2. Negotiation of an Affordable Payment Schedule
If you’re employed, but your income is just enough for your necessities, you can ask the creditor to give you a longer payment schedule with small installments. You should also try to negotiate a little or no interest rate to keep the outstanding balance bearable.
3. Debt Restructuring
Restructuring your debt is the only practical way if there are no more other options left on how to settle credit card debt when a lawsuit has been filed. Creditors don’t want this option, but they’ll have no choice if you can prove to them that you can’t pay the full amount.
In debt restructuring, you can renegotiate the payment terms by extending the payment period, reducing interest costs, or a partial condonation of the debt. This option is the hardest one to pull off. But with a good lawyer, you can increase the odds of success in this.
In a judicial settlement, the courts will give the final decision after considering the case’s facts. Choosing this road can be psychologically and mentally challenging since you’ll be attending court hearings. You must have a lawyer if you intend to let the courts decide.
Below are ways to settle your debt judicially:
1. Filing Bankruptcy
Declaring bankruptcy is the best way if you have no means to pay your debt. However, you can’t say to the creditor that you’re bankrupt. Only the courts will tell if you are bankrupt or not after looking at the evidence.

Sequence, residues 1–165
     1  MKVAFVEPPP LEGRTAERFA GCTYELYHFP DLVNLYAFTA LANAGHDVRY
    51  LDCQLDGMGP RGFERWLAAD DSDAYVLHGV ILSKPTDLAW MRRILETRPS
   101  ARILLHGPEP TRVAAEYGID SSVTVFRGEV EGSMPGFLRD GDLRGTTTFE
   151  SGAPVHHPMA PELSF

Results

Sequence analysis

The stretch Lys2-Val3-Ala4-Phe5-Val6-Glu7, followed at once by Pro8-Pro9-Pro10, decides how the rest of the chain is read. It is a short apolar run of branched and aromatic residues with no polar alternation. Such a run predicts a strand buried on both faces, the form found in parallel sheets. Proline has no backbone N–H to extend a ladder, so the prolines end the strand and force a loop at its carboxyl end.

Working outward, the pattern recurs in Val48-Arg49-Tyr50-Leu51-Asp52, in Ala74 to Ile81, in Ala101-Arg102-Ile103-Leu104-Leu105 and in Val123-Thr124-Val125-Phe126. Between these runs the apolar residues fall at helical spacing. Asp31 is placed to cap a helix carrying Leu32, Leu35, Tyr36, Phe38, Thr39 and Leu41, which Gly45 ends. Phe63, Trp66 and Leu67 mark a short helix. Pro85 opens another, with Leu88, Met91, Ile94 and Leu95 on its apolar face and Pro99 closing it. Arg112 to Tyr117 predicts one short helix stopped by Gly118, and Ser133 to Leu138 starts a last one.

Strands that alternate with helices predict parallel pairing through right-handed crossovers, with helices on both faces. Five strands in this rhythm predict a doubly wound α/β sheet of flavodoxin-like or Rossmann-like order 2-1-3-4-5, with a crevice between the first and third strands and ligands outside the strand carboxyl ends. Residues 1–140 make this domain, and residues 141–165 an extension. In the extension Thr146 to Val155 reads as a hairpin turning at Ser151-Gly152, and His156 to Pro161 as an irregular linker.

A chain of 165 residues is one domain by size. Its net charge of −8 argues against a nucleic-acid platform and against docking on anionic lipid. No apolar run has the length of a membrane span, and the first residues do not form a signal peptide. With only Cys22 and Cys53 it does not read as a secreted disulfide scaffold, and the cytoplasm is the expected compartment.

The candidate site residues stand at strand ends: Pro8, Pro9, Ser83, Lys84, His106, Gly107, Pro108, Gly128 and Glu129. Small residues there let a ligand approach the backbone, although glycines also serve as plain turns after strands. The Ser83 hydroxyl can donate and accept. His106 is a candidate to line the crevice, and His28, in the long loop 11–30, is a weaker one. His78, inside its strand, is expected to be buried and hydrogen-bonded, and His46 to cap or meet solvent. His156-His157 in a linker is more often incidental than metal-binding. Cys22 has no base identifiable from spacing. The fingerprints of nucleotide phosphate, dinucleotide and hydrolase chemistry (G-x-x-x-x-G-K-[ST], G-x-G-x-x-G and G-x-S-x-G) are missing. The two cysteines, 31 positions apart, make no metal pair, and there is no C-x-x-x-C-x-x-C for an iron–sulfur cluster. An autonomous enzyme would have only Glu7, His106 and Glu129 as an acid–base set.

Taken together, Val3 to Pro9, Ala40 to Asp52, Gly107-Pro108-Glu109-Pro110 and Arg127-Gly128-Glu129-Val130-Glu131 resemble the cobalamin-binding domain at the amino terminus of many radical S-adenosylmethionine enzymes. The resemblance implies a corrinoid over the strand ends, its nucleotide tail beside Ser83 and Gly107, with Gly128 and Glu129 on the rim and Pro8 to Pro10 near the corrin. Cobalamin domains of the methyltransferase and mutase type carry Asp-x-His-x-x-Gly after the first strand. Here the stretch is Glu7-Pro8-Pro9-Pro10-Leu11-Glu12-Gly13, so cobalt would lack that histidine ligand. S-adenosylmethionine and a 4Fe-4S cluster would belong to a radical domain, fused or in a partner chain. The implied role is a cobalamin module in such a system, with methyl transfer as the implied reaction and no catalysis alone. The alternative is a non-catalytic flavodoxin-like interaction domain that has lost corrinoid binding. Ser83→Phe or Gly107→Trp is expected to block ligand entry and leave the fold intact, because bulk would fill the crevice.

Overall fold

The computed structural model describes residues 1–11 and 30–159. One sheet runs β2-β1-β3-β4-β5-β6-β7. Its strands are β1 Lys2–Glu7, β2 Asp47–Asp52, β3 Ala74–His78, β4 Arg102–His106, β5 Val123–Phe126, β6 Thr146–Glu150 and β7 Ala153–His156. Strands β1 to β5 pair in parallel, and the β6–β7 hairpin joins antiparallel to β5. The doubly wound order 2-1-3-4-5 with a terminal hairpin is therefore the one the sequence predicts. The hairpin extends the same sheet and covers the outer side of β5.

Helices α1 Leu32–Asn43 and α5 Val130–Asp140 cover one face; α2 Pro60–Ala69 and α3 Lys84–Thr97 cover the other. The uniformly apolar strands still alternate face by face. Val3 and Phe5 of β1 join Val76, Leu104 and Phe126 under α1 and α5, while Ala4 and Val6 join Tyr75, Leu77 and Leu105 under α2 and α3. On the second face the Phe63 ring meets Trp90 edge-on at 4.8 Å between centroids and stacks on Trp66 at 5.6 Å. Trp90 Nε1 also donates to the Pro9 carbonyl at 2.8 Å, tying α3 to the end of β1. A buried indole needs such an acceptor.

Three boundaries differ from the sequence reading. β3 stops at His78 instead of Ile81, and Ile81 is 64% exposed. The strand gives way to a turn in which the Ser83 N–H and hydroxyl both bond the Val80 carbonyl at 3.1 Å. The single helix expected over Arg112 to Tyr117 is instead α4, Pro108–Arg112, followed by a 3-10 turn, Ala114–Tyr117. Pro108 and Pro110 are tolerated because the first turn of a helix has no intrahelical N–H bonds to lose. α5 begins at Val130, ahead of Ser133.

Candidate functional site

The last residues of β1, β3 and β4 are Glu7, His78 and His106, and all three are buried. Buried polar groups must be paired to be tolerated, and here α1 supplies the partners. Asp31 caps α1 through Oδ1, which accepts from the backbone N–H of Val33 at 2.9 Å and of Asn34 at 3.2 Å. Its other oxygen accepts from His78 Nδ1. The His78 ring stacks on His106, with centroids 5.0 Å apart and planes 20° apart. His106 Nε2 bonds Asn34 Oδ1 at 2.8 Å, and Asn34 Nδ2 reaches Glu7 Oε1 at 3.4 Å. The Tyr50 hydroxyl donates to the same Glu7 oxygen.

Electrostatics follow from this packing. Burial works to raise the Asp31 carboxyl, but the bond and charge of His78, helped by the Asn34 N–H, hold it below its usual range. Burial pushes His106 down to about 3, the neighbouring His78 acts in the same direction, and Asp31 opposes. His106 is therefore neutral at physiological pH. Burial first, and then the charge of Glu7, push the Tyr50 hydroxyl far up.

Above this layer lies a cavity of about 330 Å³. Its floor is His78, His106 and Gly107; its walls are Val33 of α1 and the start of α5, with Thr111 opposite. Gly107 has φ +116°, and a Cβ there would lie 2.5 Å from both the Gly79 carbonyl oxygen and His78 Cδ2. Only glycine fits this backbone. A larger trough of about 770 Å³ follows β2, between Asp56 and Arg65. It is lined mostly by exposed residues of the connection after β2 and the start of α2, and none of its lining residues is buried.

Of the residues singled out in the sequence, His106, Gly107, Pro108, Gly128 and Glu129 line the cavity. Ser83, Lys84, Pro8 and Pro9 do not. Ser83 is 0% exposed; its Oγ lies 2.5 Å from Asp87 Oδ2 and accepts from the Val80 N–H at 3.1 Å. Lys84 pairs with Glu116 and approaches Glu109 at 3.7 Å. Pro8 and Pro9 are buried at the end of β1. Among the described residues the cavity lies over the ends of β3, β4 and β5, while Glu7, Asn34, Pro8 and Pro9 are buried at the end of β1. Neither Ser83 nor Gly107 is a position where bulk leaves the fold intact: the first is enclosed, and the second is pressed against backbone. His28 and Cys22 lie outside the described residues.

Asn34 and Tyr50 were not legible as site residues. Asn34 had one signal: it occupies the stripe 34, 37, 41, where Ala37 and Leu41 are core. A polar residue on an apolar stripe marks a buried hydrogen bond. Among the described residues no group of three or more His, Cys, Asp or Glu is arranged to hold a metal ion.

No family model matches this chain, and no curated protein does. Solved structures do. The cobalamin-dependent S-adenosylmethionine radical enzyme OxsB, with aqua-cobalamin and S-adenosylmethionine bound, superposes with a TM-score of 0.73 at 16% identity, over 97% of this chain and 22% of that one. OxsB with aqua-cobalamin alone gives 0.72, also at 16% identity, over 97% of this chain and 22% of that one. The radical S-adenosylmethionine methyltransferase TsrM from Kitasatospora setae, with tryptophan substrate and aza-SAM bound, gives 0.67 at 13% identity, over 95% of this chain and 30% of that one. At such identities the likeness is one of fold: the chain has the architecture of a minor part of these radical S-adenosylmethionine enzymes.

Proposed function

You can ask your lawyer to use this defense. You can read the bankruptcy process here. Assuming you’re successful, the courts may discharge you from your debt or provide an affordable payment schedule that’ll suit your financial situation.
Though declaring bankruptcy sounds like an easy way out, it comes with certain disadvantages. First, bankruptcy affects your credit score. Should you recover from bankruptcy and apply for loans again, creditors and banks may hesitate to approve your loan.
Second, filing bankruptcy opens your private financial information to the public including friends, family, and relatives. Since it is the subject of the case, your financial information will be under scrutiny. If privacy of financial information is not a paramount concern for you, then this one might not be a major concern.
And finally, being declared bankrupt means that you let an appointed bankruptcy trustee sell your property—personal or real—to pay off your debt. You cannot control which property should be sold because it is not the concern of the trustee. As long as the proceeds settles your debt, the trustee will sell all your property, as necessary, without bias.
2. Debtor’s Proof of Settled Debt
Sometimes, debt collectors perform shady tactics by filing a lawsuit. They often use a lawsuit to make you pay an old debt that is over the period afforded by the statute of limitations.